Single ion conducting polymer electrolytes have been synthesized with highly delocalized anionic moieties covalently attached to the polymer backbone to achieve high specific lithium ion conductivity, as described in U.S. Pat. No. 4,882,243 (1989). The advantages of polymer electrolytes with exclusive cation conduction are found in reduced cell polarization deriving from anion mobility, reduced volume changes in the cathode from intercalation of ion clusters and reduced salt-induced corrosion on the current collectors. Room temperature conductivities for single ion conducting polymer electrolytes described in U.S. Pat. No. 4,882,243 are in the range of 10-4 to 10-5 S/cm range.
Gel polymer electrolytes are also very effective polymer electrolyte systems. They include plasticizing agents in a polymer network. A substantial increase in lithium ion conductivity has been achieved by introducing ethylene carbonate ("EC") and propylene carbonate ("PC") plasticizer agents into polymers matrices.
Other useful plasticizing agents include N-methyl acetamide, sulfonate, sulfolane, 1,2-dimethoxyethane, poly(ethylene glycol) 1,3-dioxolane and glymes.
The plasticizing agents themselves are useful solvents to form liquid polymer electrolytes which provide other effective electrolyte systems for the cell of the invention. For example, mixtures of EC and PC with lithium salts, such as LiAsF6, are useful liquid electrolytes.
Details of the preferred embodiments of the invention have been set forth herein in the form of examples which are described below. The full scope of the invention will be pointed out in the claims which follow the specification.
Preparation of Poly(carbone disulfide)
1.7 g sodium (50% in paraffin) was washed with hexane. Sodium sand was added into 50 ml of DMSO and the solution was stirred until all the sodium dissolved (24 to 48 hours). Equal moles of carbon disulfide was then dropwise added into the DMSO and refluxed under nitrogen for 48 hrs. The sodium dicarbon disulfide salt is dissolved in water and acidified with 6N HCl. Upon acidification, dark brown precipitate fell out. The reaction mixture was stirred at room temperature for 24 hours. The solution was then concentrated to 1/4 of its original volume. The precipitate was then separated and washed with water and acetone and ground with acetone in a mortar and pestle assembly and filtered. The yellow acetone portion of the solution was discarded and the procedure repeated until the acetone looked clear. the precipitate was then separated and dried in a vacuum oven at 50° C. for 24 hours.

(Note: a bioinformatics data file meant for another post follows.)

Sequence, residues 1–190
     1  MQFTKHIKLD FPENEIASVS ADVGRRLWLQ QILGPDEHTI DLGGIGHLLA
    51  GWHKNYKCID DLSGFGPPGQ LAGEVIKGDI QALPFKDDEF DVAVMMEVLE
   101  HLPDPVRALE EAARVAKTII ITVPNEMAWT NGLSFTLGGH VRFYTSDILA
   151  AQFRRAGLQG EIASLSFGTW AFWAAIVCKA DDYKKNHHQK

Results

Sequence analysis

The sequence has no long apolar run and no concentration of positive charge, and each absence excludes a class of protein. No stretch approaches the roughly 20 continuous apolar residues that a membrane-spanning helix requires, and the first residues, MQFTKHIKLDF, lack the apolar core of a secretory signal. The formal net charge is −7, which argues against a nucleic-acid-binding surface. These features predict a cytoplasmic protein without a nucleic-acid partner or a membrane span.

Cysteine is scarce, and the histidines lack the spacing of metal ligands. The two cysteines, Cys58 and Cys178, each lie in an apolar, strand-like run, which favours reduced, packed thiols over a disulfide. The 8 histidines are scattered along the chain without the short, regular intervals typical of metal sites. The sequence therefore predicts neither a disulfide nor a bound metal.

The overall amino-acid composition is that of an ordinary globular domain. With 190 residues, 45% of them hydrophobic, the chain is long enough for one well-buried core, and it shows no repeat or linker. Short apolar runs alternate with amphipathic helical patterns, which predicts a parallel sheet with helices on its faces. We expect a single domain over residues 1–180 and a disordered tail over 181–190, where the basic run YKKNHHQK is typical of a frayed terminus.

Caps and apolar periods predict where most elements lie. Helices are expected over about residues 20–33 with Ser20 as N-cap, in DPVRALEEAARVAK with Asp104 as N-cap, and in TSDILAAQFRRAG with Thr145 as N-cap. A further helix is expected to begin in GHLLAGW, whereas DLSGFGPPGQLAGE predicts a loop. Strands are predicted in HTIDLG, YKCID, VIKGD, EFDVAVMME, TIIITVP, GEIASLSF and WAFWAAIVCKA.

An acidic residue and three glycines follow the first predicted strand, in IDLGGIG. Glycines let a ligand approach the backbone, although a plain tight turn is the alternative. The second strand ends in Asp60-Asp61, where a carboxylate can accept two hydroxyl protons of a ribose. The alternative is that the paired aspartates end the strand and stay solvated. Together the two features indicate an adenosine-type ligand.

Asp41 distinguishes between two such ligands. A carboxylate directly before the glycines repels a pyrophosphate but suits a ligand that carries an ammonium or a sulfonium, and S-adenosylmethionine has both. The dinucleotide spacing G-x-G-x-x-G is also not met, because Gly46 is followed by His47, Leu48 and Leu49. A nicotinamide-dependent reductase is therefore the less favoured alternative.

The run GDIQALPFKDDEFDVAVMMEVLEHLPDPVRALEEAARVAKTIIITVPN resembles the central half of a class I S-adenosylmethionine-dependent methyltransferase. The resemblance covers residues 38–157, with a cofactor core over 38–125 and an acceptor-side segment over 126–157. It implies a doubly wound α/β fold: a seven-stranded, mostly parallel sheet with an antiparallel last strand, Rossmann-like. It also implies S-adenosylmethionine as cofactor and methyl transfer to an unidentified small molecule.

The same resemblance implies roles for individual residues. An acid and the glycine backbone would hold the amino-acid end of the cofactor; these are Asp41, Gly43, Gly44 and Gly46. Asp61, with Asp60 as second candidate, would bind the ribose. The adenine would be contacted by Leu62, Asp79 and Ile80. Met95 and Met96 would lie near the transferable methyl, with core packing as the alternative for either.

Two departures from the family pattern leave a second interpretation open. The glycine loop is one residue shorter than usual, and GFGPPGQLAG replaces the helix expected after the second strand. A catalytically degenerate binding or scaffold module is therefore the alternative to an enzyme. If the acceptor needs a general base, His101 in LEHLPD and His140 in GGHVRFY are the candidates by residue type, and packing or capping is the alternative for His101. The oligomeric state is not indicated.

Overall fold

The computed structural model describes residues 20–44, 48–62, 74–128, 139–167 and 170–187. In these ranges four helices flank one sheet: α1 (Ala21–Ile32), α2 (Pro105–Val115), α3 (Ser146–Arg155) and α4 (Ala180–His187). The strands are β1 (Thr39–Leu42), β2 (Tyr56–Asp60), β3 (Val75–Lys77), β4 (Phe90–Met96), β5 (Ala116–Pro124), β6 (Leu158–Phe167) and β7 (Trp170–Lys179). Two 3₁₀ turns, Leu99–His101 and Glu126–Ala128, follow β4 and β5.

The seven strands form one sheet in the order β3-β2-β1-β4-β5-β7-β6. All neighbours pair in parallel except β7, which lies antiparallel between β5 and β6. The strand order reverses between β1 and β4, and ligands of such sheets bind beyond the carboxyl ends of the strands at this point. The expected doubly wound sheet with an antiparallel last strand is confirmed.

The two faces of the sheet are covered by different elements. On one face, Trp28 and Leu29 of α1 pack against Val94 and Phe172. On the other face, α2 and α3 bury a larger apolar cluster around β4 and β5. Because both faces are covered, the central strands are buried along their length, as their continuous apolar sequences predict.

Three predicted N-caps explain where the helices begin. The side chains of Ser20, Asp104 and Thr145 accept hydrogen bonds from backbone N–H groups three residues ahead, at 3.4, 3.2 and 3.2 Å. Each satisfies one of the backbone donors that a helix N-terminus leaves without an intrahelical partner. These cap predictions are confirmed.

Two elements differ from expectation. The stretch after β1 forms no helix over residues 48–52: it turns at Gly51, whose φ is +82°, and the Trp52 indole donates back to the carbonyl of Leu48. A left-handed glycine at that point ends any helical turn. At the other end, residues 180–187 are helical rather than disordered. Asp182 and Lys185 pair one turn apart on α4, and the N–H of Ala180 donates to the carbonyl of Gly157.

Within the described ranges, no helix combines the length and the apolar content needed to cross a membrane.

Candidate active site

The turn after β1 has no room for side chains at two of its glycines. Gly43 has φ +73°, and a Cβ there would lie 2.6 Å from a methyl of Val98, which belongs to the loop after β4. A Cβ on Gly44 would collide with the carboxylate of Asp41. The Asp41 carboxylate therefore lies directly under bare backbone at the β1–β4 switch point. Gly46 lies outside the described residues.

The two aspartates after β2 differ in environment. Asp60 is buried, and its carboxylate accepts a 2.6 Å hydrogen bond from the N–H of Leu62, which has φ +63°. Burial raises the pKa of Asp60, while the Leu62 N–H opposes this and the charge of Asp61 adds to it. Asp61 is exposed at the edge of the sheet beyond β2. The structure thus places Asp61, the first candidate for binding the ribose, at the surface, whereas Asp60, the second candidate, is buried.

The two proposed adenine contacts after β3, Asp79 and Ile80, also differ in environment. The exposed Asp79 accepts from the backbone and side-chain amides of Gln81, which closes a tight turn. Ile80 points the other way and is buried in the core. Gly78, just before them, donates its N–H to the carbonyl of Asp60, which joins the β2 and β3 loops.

A 12 gram sample of sodium dispersion in xylene was added in small portions to an ice cooled mixture of 100 ml of CS2 and 300 ml of methyl pyrolidinone and kept under nitrogen for 1 hour. After the addition was completed, the reaction mixture was stirred at room temperature for 2 days. The solvent was then removed under vacuum. The residue was dissolved in water and then acidified with 6N HCl. The hydrochloric acid aqueous layer was decanted and the residue was washed with water and then acetone. The residue was then dried under vacuum at 55° C. overnight. After cooling, the black material was ground with acetone in a mortar and pestle assembly and filtered. The powder was repeatedly stirred with acetone until the solution became a light yellow color. The yield of the poly(carbon disulfide) was about 40 g.